Structural Biochemistry/Nonmetals

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Nonmetals are generally dull and brittle. They are poor conductors of electricity. Compared to metals, they have lower densities, melting points, boiling points, and higher electronegativity.


Carbon is one of element in the earth, which has symbol C and atomic number 6. Its electron configuration is [He]2s2 2p2. Carbon is a very useful element mainly due to its bonding abilities. It is able to form single, double, and triple bonds to other elements (usually Hydrogen). All living organisms contain carbon, including humans who have about 18% carbon by weight.

Carbon has 12 isotopes, which from C8 to C19. C12 and C13 are stable; all other isotopes are radioactive. Carbon is very stable under room temperature. it is not soluble in water, organic solution, or low concentration acid or base.Carbon can react with oxygen in high temperature; in all halogen, only fluorine can react with carbon directly; carbon is very reducible element, which can reduce other metals.

Common uses of carbon include diamonds, gasoline, kerosene, smoke detectors, radiocarbon dating, and graphite used for cooking and artwork. The most major organic compound in nature is soot.

In plants, carbon dioxide and water combine to form simple sugars called buffer carbohydrates . The process of this formation is called photosynthesis and the driving force that provides energy is the sun.


Nitrogen is an element in group (V) of period table which has symbol N and atomic number 7, discovered in 1772 by Scottish physician Daniel Rutherford.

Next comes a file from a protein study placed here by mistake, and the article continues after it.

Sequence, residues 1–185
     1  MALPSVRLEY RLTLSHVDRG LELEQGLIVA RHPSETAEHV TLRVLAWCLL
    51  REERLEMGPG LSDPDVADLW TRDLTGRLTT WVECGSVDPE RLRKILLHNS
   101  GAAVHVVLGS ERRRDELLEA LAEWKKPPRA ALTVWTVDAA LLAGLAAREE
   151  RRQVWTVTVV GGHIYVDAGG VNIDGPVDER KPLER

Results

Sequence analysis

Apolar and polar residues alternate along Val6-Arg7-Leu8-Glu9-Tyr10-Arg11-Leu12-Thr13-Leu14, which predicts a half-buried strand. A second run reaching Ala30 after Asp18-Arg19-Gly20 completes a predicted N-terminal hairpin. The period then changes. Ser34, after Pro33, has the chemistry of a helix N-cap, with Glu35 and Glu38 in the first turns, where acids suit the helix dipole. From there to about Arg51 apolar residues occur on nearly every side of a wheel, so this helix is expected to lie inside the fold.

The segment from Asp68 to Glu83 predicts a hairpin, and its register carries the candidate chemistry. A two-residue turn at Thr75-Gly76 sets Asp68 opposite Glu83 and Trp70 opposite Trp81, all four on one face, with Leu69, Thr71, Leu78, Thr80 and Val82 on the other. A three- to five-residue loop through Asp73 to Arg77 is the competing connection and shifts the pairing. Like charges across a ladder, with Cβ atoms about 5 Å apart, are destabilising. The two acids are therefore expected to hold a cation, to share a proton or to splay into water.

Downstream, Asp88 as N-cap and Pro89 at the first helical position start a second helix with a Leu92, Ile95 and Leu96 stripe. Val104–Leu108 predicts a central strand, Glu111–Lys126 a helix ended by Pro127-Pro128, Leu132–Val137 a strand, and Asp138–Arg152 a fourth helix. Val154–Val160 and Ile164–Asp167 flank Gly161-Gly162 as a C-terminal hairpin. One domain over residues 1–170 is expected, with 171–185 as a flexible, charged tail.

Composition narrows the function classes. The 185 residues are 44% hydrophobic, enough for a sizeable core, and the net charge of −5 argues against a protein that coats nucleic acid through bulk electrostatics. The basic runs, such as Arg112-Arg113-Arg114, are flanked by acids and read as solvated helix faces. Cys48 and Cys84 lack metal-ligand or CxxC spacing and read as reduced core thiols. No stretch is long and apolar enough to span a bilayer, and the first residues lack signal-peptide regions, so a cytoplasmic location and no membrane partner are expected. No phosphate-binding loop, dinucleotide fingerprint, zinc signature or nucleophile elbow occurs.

Nitrogen has 17 isotopes. N14 and N15 are stable.

At standard conditions, nitrogen is a colorless, odorless, tasteless inert diatomic gas. It occurs in all living organisms and is a constituent in amino acids, which make up proteins, which make up nucleic acids(DNA and RNA). Nitrogen also plays an important role in plant growing and fruit maturing. Increasing the percentage of Nitrogen in the soil can improve the production of farm plant.

Nitrogen is the largest constituent of the Earth's atmosphere, occupied 78% volume. It makes up about 4% of dry weight of plant matter, about 3% of weight of the human body, and 0.0046% in Earth's shell.


Oxygen is one of elements in group (VI) of period table, which has symbol O, atomic number 8 and electron configuration 1s2 2s2 2p4, discovered in 1774. At standard condition, Oxygen is a colorless, odorless, and tasteless diatomic gas. Oxygen has second highest electronegativity in all elements and is a strong oxidizing agent. So, all elements except inert gases can form compound with Oxygen.Oxygen has 3 stable isotopes: O16, O17 and O18.

Oxygen is the most abundant element in Earth's shell, occupied 48.6%. The Oxygen gas also makes up 23% in the air.